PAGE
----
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This Saudi Calligraphy Exhibition Is Not To Be Missed

Whether art or fashion, the exhibition highlights the active role calligraphy, which is deeply woven into the Kingdom’s rich history, has played in shaping modern artistic disciplines.

Images Courtesy of the Ministry of Culture

The “Scripts and Calligraphy: A Timeless Journey” exhibition, the latest initiative under the Saudi Ministry of Culture’s Year of Arabic Calligraphy umbrella, has kick-started the Kingdom’s cultural calendar. After a year of virtual events and initiatives, Riyadh’s National Museum has opened its doors for visitors to enjoy the ground-breaking exhibition that explores the past, present and future of Arabic calligraphy, Running until 21 August, the temporary retrospective got the Ministry of Culture, curators from the world’s leading research institutes and museums working alongside leading artists and calligraphers. They joined forces to shed light on the origins of the Arabic language, the development of calligraphy and the relationship between calligraphy, contemporary design and artificial intelligence.

“Scripts and Calligraphy” takes visitors on a journey through time as they discover the development of the art of calligraphy through 180 artworks. Lent by generous museums from the Kingdom (National Museum, King Faisal Center for Research and Islamic Studies), Tunisia (National Heritage Institute) and France (Museum of the Arab World Institute), the creations are by great masters of Arabic calligraphy, designers and artificial intelligence artists from 17 countries. And they show the role Arabic calligraphy has been playing in furthering cultural relations between countries across the Middle East, North Africa and Asia.

Taking up 1,500m2 of space at the Kingdom’s flagship museum, which is located within the King Abdulaziz Historical Center, the exhibition is divided into five sections. It starts with the development of early writing systems in the Middle East, some 1,700 years ago, with images of ancient Dadanitic and Nabatean inscriptions captured by celebrated photographer Robert Polidori in renowned AlUla. Visitors are invited to discover the story behind the inception of the Arabic script born in Saudi, which brought with it the art of Arabic calligraphy. On display are some of the earliest Quranic manuscripts in existence, like pages from a 7th century CE Quran from Madinah and those from the famous Blue Quran that dates back to the 9th century CE.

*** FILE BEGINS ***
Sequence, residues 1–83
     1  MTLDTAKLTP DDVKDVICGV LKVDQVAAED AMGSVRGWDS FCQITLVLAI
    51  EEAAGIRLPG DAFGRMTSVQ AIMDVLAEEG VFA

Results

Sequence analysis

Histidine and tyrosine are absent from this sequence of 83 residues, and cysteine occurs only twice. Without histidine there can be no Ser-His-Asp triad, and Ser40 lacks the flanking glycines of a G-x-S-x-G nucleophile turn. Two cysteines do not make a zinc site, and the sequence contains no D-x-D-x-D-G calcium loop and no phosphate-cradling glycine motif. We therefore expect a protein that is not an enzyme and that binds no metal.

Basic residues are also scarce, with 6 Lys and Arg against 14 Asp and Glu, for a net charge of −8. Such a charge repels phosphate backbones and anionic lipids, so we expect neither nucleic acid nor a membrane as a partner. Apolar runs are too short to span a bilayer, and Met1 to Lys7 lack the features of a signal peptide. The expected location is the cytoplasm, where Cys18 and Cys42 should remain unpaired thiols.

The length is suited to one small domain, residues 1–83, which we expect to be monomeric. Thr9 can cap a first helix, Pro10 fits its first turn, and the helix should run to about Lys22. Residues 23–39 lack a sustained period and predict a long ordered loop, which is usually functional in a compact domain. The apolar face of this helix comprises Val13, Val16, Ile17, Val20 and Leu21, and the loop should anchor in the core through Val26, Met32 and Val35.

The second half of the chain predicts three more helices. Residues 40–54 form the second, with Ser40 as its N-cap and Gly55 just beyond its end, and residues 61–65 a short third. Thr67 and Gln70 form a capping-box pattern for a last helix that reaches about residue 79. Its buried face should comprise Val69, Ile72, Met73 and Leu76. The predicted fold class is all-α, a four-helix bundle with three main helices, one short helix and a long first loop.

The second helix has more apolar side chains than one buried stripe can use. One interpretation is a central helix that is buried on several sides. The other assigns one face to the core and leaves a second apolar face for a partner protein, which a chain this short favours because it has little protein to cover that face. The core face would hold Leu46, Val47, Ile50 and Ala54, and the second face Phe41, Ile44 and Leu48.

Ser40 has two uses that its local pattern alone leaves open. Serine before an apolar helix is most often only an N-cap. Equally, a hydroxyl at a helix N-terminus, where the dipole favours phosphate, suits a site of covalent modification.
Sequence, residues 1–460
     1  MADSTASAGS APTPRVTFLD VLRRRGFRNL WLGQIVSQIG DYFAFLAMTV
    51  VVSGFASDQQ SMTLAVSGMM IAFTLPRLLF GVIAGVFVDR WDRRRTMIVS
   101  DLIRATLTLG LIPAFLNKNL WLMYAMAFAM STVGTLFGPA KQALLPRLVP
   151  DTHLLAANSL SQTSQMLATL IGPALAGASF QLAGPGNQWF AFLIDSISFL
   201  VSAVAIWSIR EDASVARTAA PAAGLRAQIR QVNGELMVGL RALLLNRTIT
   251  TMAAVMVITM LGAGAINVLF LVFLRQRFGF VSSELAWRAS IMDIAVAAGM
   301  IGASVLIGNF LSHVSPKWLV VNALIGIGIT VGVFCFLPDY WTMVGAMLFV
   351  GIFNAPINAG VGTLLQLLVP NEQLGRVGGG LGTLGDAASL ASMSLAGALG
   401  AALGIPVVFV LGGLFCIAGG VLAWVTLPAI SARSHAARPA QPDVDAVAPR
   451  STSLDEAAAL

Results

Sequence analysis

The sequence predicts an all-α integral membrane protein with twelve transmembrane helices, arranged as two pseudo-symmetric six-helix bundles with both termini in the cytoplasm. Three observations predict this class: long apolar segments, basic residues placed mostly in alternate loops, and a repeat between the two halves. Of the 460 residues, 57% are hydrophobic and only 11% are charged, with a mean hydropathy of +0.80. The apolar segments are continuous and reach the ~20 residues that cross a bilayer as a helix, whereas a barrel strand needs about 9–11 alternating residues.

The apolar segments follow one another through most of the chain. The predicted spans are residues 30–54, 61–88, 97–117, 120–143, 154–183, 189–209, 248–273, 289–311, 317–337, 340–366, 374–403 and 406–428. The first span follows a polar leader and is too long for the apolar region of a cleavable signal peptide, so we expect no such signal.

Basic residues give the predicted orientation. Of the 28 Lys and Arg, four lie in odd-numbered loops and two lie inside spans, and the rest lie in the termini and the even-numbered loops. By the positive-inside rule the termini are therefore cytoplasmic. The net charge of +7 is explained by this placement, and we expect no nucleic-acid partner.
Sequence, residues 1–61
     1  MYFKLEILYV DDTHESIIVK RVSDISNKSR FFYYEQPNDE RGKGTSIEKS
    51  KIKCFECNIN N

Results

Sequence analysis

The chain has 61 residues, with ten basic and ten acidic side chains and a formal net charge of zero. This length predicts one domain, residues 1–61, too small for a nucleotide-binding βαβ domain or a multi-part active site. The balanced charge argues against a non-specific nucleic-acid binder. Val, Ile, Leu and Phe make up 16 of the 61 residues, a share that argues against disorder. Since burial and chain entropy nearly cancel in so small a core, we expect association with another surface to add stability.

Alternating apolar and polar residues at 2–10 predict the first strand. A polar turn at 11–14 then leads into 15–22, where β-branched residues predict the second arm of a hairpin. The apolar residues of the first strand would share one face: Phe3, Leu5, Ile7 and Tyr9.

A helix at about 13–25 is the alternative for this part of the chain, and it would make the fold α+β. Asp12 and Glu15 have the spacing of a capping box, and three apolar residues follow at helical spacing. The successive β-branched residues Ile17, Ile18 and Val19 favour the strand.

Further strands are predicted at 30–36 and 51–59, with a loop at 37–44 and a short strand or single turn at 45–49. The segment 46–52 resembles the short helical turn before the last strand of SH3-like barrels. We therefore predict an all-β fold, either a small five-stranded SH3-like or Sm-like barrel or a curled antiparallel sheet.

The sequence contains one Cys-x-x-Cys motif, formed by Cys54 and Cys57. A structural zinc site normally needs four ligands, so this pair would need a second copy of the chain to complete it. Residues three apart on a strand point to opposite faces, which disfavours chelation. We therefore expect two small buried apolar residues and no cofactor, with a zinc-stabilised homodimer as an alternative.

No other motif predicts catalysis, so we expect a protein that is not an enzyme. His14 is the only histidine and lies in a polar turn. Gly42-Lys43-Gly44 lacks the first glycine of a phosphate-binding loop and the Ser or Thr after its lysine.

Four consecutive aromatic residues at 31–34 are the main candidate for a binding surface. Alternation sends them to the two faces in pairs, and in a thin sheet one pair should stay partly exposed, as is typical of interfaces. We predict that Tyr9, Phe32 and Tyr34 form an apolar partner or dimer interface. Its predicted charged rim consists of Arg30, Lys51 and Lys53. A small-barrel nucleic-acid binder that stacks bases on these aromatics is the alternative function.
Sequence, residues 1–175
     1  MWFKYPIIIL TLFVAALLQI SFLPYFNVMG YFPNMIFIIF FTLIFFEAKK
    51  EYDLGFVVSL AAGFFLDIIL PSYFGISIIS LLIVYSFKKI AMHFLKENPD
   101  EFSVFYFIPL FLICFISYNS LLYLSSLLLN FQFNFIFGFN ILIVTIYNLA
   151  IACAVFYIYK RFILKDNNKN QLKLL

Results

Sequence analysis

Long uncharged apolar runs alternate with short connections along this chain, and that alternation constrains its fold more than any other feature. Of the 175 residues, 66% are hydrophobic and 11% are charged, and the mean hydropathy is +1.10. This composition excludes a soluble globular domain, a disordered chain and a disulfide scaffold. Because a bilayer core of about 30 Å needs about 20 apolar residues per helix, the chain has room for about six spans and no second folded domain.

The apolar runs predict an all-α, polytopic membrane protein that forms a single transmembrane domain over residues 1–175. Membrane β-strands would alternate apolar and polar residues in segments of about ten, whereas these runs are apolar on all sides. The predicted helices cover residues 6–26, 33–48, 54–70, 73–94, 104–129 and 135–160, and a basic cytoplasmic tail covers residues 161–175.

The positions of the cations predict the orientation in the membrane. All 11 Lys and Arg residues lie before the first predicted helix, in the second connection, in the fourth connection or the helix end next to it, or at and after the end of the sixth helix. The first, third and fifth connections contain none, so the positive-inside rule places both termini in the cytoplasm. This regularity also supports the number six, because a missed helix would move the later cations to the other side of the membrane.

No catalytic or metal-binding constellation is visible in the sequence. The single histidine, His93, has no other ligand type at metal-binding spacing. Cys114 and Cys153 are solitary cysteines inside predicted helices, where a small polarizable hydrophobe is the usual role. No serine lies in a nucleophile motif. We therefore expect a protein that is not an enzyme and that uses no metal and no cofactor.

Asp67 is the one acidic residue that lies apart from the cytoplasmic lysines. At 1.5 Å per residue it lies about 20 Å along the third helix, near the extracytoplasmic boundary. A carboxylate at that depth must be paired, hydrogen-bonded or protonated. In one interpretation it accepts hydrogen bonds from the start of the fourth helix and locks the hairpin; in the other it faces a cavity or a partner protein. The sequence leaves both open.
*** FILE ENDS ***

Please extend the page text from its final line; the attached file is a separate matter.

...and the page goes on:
The exhibition includes the works of almost 30 of the world’s master calligraphers, including Chinese master Haji Noor Deen Mi Guang Jiang. It also highlights work by Ghani Alani, master of the Calligraphy School of Baghdad. Plus, “Scripts and Calligraphy” surprisingly creates a bridge between classical calligraphy and artificial intelligence. French artist Michel Paysant transcends the traditional interpretations of Arabic calligraphy in the latest edition of his “Eye Calligraphy Studio – A Constellation of Letters.” A robotic arm equipped with a paintbrush and connected to an eye-tracker, Paysant’s unique device translates eye movements into brushstrokes.

The work of contemporary artists, whether they’re involved in jewellery, textiles, ceramics or furniture, is also being showcased, alongside pieces by Saudi fashion designers May Aboulfaraj and Mohammed Khoja. They all convey the deep-rooted influence of Arabic calligraphy within the modern culture of the Arabian Peninsula.

The Kingdom has for centuries been home to some of history’s finest Arabic calligraphers and Islamic artists. In celebration of this, 2020 was designated the Year of Arabic Calligraphy (YOAC), which was extended into 2021 due to the pandemic. YOAC seeks to celebrate the ancient art form as a symbol of cultural identity, a source of inspiration for artists and an essential component of the history of Arab civilization. The initiative that aims to tell the Kingdom’s story through an aesthetically beautiful and visually arresting artistic way is bringing together a diverse cohort of international artists and industry specialists, providing local Saudi artists with an opportunity to engage with and learn from leading experts. Additionally, it is encouraging cultural exchange with professional and amateur artists around the world.

While calligraphy is traditionally considered the purest Islamic art, with the earliest examples dating back over 2,000 years, today the influences of Arabic calligraphy are seen beyond the Arab and Islamic world.

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